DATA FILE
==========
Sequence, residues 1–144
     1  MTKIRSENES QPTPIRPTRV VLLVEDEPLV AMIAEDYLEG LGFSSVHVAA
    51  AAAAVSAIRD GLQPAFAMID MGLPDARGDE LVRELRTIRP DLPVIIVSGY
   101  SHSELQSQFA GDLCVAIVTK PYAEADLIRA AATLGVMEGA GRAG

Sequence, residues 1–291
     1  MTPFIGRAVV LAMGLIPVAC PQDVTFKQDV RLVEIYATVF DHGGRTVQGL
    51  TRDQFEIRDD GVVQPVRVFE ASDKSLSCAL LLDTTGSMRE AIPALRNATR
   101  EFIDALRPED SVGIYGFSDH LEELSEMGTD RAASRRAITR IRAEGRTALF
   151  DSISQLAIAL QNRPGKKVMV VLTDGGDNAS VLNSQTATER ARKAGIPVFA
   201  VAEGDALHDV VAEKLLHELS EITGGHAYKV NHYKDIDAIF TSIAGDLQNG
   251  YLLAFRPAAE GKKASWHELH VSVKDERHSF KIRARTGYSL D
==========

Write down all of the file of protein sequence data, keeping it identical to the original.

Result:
Sequence, residues 1–144
     1  MTKIRSENES QPTPIRPTRV VLLVEDEPLV AMIAEDYLEG LGFSSVHVAA
    51  AAAAVSAIRD GLQPAFAMID MGLPDARGDE LVRELRTIRP DLPVIIVSGY
   101  SHSELQSQFA GDLCVAIVTK PYAEADLIRA AATLGVMEGA GRAG

Sequence, residues 1–291
     1  MTPFIGRAVV LAMGLIPVAC PQDVTFKQDV RLVEIYATVF DHGGRTVQGL
    51  TRDQFEIRDD GVVQPVRVFE ASDKSLSCAL LLDTTGSMRE AIPALRNATR
   101  EFIDALRPED SVGIYGFSDH LEELSEMGTD RAASRRAITR IRAEGRTALF
   151  DSISQLAIAL QNRPGKKVMV VLTDGGDNAS VLNSQTATER ARKAGIPVFA
   201  VAEGDALHDV VAEKLLHELS EITGGHAYKV NHYKDIDAIF TSIAGDLQNG
   251  YLLAFRPAAE GKKASWHELH VSVKDERHSF KIRARTGYSL D